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Incentivise your team: A quick guide to employee share schemes and phantom share schemes

Monday, 1 July 2013 | By Ursula Hogben

Earlier this year, the team at LegalVision gave us some helpful tips on the legal basics of starting a new business.


Over the coming weeks, we’ll look at legal matters that can arise for a new business once it’s up and running.


For the first article in the series, the managing director of Hogben Group and lawyer in the LegalVision network, Ursula Hogben, will look at ownership schemes to incentivise your staff.


The right team can make the difference between your businesses failing or achieving your vision. Financiers, including private investors and banks, look at your team as an important factor in deciding whether to fund your business.


How can a start-up with limited cash attract and retain outstanding employees? This article looks at two key methods: employee share schemes and phantom share schemes.


Employee share scheme (ESS)


An ESS, also known as an Employee Share Option Plan, provides employees with shares, stapled securities or options to acquire shares or stapled securities in the employer company (interests).


A key benefit is that an ESS is a non-cash, flexible way to attract and retain employees, and align their interests with the medium and long-term interests of your company.


A key disadvantage is that the interests are treated as compensation under Australian tax. This means employees are generally required to pay tax in the year that they receive the interests, not when they sell the interests and receive cash.


This is problematic because employees pay tax up-front on a relatively illiquid asset. If the company does not succeed, the interests may not realise value for the employee in the future.


In June, the government announced it is reviewing the tax treatment of ESS. The aim is to simplify ESSs to promote participation and business growth, particularly for small business. To promote participation in ESSs, the tax treatment needs to change so that rather than be taxed in the year that they receive the interests, employees are taxed in the year that they sell the interests when cash is received, as a capital gain. 


Phantom Share Plan (PSS)


An alternative is a PSS which is a cash bonus arrangement designed to mimic the income yield and capital growth of shares in the company. Unlike ESSs, employees do not receive interests. Instead, the PSS gives employees a right to receive cash from the employer in the future. Two common types of PSS are:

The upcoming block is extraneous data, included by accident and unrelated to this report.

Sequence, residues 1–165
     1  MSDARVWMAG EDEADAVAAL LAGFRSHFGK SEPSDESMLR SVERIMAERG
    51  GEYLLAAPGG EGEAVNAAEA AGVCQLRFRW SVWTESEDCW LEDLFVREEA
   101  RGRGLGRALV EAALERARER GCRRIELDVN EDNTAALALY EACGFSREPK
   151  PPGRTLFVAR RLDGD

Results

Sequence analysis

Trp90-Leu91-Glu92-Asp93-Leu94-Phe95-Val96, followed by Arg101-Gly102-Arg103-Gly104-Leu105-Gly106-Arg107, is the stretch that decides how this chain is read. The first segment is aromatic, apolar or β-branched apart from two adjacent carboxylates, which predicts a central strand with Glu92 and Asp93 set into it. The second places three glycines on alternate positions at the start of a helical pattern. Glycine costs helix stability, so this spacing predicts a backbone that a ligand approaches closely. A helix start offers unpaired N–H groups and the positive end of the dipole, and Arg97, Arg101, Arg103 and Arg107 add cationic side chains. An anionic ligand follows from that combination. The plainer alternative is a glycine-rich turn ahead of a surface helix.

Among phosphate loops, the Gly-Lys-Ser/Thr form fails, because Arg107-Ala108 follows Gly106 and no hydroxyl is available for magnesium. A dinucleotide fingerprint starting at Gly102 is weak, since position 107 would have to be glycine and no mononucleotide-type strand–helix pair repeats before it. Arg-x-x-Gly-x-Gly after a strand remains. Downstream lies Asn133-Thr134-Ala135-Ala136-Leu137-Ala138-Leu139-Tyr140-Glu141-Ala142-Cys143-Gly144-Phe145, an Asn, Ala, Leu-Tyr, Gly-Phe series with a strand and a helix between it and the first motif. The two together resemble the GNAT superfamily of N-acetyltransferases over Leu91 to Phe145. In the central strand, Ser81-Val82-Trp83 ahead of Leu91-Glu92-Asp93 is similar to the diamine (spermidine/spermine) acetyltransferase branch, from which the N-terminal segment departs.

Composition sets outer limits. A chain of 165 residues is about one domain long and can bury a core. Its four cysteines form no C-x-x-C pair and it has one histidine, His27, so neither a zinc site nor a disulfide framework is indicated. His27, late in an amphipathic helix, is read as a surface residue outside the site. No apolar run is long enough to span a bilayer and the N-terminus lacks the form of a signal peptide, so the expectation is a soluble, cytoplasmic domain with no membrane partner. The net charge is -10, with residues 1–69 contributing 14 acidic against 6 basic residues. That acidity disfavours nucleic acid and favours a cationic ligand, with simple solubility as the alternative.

1. Profit share: employee receives a certain percentage of the annual profits, and a share of profit if business is sold; or


2. Improvement share: employee receives a percentage of the improvement in the company’s profits and capital value above an agreed base.


Like an ESS, a PSS is treated as compensation for tax purposes. A key benefit of a PSS compared to an ESS is that the employee receives cash, part of which can be used to pay the tax. A key disadvantage is that employees do not own shares in the company.


Employee Share Schemes 

Phantom Share Schemes

Attract, retain and reward employees, without competing on salary alone. 



Align the interests of the employee with the company, for greater success for the company, the employee and the economy.



A flexible cash management tool to enable companies to have lower salary costs (fixed cost), and link remuneration to company performance (variable cost).


Employees remunerated with:

(i) Annual Dividends.

(ii) Capital growth.


Employees can be remunerated with:

(i) Annual bonus like a dividend.

(ii) A lump sum bonus, representing the employee’s share of the increase in the capital value of the company.

Option (ii) is generally payable only if the company is sold, the employee retires, or leaves as a ‘good leaver’.


Complex to set up.

Requires several set-up documents including ESS Rules, Letter of offer, ESS Summary and information about tax implications.

Easy to set up.

Can be set up as an addendum to the employee’s terms of employment.



Higher administration costs.

Employer ongoing documentation and reporting requirements.

Employees have reporting and withholding obligations.

Low administrative costs.

Payments create employment costs such as payroll tax.


Employees pay tax on vesting, not when they sell their interests.

Granting equity under a standard ESS is non-deductible to the employer.


No additional regulatory requirements as no equity interests are issued or transferred.

When the employee receives a payment, tax is deducted under the PAYG system.

Bonus payments to employees (whether annual bonuses or cashed out capital entitlements) are tax effective because they are fully deductible to the employer.

Ease of valuing the interests


Easy - cash


Low. Private company interests can be hard to sell until the company lists or is acquired.

High - cash


Employees own shares in their employer



Existing shareholders are diluted 



Ursula Hogben, managing director of Hogben Group: Business Law & Consulting, is a lawyer in the LegalVision network. (This information is a summary and an overview. It is not intended to be comprehensive and it is not legal advice. Your use of this information is not intended to create and does not create a solicitor-client relationship between you and Hogben Group.)